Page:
Guest View: Public notices shouldn’t be found only on web

In recent years, the General Assembly has considered amending the way public notices are handled in Tennessee. This is understandable. The communications world is changing, and newspapers, where many public notices historically have been published, are in transition.
Jan 22, 2014

 

In recent years, the General Assembly has considered amending the way public notices are handled in Tennessee. This is understandable. The communications world is changing, and newspapers, where many public notices historically have been published, are in transition.

But the assumption that government could save money and still adequately notify the public by simply posting notices on government websites is flawed.

The idea presupposes that web postings would be a cheap and easy alternative to newspaper publication. Yet, many local governments in Tennessee don’t maintain active websites now. Bringing web operations up to speed and keeping them there across Tennessee would entail large hidden expenses that legislators seeking to end newspaper notices largely have ignored.

More important, though, is the effectiveness of public notice.

The United States has a long history of requiring the government to announce its business through newspapers. The first Congress meeting in New York required that all bills, orders, resolutions and votes be published in at least three papers, and when, a few years later, Tennessee adopted its own constitution, it required the Legislature to publish any amendments proposed by the General Assembly.

In more recent years, lawmakers required notices alerting the public to meetings, foreclosures, elections, auctions, changes in land use and many other matters of general concern. This was done to assure that due process of law was carried out and that government was held accountable to the citizenry it represented.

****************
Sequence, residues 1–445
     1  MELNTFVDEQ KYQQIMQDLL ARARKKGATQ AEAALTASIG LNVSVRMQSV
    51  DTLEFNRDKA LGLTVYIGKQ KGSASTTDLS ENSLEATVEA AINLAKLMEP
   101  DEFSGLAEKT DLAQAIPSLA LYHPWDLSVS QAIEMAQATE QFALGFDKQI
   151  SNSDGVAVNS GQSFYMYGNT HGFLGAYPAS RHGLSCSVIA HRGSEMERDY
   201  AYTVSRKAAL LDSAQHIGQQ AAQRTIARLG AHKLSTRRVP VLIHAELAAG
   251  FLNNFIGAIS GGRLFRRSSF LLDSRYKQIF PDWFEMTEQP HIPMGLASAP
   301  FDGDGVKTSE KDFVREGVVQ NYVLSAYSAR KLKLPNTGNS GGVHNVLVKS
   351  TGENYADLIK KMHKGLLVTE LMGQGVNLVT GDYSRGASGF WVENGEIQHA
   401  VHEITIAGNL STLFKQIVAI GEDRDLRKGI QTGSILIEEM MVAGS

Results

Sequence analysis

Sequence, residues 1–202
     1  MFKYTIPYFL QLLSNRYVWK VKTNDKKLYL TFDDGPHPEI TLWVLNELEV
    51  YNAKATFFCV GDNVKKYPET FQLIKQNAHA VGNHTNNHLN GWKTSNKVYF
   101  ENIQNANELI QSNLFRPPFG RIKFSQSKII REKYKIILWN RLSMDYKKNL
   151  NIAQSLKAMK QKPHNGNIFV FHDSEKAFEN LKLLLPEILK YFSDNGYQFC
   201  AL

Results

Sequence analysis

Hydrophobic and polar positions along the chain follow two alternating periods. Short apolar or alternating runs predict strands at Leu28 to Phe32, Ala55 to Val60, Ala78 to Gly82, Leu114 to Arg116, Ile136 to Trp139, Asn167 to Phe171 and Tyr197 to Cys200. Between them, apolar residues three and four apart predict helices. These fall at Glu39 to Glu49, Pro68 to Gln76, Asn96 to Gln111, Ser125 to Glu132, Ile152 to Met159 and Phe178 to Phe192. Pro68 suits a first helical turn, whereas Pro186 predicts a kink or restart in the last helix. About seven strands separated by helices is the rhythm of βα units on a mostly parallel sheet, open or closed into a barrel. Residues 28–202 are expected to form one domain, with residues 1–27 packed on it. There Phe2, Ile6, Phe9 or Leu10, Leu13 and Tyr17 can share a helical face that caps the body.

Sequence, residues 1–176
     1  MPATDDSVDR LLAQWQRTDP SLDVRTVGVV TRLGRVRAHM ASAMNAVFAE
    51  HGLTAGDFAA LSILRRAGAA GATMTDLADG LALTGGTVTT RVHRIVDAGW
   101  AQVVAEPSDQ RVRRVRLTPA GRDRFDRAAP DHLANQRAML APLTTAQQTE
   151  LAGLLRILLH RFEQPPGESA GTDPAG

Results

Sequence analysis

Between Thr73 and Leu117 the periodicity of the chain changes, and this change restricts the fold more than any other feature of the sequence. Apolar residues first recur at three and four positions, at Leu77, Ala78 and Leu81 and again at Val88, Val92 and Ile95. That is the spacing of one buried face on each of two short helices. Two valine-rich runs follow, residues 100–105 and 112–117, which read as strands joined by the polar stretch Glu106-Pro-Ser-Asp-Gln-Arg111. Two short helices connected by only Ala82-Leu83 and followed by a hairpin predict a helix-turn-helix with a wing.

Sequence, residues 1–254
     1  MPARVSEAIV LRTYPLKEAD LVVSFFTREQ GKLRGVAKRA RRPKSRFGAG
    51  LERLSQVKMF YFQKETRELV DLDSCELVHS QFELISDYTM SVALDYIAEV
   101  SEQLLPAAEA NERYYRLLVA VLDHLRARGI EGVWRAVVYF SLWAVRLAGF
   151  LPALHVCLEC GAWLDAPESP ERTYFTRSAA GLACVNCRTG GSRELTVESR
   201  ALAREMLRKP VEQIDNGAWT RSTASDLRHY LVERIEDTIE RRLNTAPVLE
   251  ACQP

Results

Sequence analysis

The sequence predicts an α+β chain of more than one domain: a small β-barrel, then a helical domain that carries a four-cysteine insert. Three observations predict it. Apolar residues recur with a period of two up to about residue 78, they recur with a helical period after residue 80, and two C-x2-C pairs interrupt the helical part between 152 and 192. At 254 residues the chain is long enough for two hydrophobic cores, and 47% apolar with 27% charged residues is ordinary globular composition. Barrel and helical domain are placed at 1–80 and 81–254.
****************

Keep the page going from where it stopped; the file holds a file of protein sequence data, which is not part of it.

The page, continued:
Shifting public notices to government websites would undermine these goals. Without newspaper publication, a permanent record of notice is lost, and putting officials in charge of their own methods of notification would open the door to possible manipulation.

Also, notices on government websites simply don’t reach the public the way notices in newspaper do.

While many newspapers have seen their print circulations decline, their overall audiences have grown in recent years, and they still remain the pre-eminent medium for conveying such information to the public. Recent Newspaper Association of America research showed that 70 percent of U.S. adults had read a newspaper or a newspaper website in the previous week. Research by the Tennessee Press Association last year showed that 45 percent of Tennessee households bought newspapers.

On the other hand, many Tennesseans, especially the elderly, still don’t have Internet access. ConnectTN found that only 59 percent of those over 65 owned a computer, and only 42 percent had access to broadband. A recent AARP survey found that only two out of five people over 50 feel comfortable using the Internet,

Newspapers, furthermore, are a “push” platform, one that projects information out into the public where it is noticed even by passive readers. Notices on government websites can be found only by those who go looking for them, most likely insiders and special interests.

None of this is to say that the Internet isn’t a good source of information. For many people nowadays it is the preferred method, and for them, professionally maintained newspaper websites remain a better option than many government sites, as well.

Jack McElroy is editor of The Knoxville News Sentinel. 

 

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